Magazine article The Nation

Old Glory (Trademark)

Magazine article The Nation

Old Glory (Trademark)

Article excerpt

"The Congress and the states shall have power to prohibit the physical desecration of the flag of the United States."

The flag amendment has sailed through the House and through the Senate Judiciary Committee, and it's assumed it will pass the full Senate. Why does the most ludicrous proposed constitutional amendment of the century seem like a foregone conclusion?

Because the opposition is urunspired. Civil libertarians keep invoking the First Amendment--as if we're so smart we could prove that a constitutional amendment is unconstitutional. If we need to cite scriptural authority, much better to quote the First and Second Commandments, which forbid idol worship and graven images and cannot be squared with the essentially religious concept of flag "desecration."

For their part, conservative advocates of the amendment, otherwise outraged by government "takings" of private property, do not realize they are demanding the nationalization of millions of pieces of intellectual property. Unlike the Washington Monument, the flag is not a single object existing in one place that can be protected from defacement. It is a schematic color pattern, universally reproducible in cloth, paper, cake icing, beach towel, video or any other medium.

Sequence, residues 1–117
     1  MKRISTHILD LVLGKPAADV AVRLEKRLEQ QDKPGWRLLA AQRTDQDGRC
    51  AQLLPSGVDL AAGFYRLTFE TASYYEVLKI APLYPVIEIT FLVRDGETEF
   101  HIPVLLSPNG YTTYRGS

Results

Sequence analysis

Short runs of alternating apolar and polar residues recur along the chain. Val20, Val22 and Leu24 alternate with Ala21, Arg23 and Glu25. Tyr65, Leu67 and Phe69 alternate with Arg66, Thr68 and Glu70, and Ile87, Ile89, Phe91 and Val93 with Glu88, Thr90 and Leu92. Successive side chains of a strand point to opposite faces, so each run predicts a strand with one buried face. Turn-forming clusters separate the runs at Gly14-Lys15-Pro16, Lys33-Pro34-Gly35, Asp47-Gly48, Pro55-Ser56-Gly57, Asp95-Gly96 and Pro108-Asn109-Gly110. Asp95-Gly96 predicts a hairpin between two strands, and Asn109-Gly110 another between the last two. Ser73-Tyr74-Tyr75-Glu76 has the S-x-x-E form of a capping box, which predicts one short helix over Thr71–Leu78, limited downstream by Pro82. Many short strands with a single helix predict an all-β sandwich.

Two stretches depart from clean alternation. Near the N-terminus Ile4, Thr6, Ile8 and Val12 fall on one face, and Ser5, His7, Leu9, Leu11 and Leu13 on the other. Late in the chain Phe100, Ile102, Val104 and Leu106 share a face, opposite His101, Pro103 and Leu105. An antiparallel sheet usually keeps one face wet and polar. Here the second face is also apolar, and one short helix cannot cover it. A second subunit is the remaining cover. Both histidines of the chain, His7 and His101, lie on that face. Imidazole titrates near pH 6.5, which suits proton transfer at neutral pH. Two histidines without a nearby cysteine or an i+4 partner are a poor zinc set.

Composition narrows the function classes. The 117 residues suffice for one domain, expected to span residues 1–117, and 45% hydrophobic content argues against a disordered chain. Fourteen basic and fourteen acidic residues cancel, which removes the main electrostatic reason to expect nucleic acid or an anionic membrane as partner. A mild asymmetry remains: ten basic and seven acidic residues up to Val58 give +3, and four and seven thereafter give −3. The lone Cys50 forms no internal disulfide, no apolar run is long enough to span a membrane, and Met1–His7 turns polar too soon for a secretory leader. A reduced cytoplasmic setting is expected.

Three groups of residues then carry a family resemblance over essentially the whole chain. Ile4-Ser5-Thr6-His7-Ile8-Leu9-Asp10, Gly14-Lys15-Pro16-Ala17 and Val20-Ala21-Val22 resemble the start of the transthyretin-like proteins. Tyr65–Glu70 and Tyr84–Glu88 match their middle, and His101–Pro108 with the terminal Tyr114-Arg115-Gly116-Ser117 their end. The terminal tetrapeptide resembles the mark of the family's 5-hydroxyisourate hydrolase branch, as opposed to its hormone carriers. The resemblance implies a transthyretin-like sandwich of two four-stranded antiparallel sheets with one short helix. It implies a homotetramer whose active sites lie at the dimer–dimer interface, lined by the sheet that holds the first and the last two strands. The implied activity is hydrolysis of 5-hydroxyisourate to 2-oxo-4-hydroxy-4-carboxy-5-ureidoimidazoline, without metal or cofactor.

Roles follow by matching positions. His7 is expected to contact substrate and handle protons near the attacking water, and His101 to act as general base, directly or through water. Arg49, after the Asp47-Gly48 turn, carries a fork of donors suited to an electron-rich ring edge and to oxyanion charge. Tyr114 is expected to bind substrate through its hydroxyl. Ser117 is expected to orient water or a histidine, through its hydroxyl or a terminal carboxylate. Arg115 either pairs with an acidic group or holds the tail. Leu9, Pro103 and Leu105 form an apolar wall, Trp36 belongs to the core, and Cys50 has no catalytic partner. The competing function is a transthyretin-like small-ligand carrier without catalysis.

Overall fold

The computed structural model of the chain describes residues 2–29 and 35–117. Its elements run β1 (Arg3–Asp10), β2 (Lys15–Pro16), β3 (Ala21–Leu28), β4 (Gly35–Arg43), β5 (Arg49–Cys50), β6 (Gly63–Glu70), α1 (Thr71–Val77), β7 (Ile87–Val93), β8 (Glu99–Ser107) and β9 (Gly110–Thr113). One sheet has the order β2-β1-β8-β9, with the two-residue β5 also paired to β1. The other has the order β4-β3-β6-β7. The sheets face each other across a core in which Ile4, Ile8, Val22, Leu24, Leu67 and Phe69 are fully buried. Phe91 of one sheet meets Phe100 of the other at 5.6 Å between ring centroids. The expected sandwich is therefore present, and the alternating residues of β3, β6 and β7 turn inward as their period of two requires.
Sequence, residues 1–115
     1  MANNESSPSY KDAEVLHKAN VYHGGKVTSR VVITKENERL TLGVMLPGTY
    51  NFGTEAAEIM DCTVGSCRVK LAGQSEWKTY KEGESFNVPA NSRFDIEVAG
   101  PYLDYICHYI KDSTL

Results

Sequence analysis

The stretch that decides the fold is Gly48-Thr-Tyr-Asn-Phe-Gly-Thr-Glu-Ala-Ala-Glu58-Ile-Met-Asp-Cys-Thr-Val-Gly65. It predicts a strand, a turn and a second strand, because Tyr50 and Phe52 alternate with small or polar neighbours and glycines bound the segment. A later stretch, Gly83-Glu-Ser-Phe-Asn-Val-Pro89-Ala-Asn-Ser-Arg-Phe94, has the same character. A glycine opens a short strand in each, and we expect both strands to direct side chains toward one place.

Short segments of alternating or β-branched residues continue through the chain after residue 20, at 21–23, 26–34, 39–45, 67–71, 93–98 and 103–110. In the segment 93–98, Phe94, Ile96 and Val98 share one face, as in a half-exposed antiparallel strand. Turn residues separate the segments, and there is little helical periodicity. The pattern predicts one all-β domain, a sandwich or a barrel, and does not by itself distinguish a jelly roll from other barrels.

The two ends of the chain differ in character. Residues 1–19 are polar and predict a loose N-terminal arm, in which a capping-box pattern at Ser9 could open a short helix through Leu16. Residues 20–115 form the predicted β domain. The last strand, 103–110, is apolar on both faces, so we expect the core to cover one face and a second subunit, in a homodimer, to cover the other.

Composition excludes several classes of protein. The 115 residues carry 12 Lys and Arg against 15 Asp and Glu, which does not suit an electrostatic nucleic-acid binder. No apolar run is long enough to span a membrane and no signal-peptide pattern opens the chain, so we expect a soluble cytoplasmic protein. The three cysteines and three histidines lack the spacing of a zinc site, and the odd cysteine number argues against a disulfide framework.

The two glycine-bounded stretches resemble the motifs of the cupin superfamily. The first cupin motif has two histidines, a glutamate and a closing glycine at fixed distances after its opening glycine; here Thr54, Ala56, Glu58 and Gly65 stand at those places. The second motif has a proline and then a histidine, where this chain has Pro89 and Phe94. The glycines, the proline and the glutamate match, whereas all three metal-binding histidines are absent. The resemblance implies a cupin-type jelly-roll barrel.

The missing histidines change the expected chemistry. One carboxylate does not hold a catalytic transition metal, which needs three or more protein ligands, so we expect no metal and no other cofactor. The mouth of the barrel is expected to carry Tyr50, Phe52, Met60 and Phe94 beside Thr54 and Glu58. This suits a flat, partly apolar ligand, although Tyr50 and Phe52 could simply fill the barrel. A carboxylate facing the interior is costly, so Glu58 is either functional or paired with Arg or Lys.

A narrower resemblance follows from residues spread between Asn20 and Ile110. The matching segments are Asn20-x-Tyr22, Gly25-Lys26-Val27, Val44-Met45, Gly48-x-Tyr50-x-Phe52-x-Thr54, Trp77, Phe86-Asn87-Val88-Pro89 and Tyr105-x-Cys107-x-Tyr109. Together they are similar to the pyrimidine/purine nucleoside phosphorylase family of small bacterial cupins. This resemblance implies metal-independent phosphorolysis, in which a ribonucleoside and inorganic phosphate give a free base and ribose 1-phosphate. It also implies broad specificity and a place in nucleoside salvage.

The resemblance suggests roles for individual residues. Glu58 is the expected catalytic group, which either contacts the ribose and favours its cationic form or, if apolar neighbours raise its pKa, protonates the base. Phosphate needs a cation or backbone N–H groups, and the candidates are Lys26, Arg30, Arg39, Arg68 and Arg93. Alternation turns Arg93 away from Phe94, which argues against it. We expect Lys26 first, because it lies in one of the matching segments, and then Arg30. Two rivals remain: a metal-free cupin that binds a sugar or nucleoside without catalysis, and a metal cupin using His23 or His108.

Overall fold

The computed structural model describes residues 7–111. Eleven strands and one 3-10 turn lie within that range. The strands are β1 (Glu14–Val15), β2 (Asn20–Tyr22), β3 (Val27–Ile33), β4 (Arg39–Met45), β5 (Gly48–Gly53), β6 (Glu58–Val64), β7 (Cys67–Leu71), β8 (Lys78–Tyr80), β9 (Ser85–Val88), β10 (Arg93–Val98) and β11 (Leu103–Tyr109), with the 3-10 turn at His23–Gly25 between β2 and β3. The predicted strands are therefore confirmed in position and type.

The flag amendment turns this public-domain design into the exclusive trademark of the state, available only for authorized use under a government license. Despite its religious connotation, "desecration" in a legal sense will mean "flag infringement"--or, more precisely, "unauthorized use of any substance in which the image of the FLAG[TM], appears."

Commercial advertising that uses the flag will be the first kind of desecration to go. Two dormant federal flag-respect statutes already ban flag use in ads. These laws have gone unenforced only because of recent First Amendment doctrine that will be made obsolete by the Twenty-eighth Amendment. …

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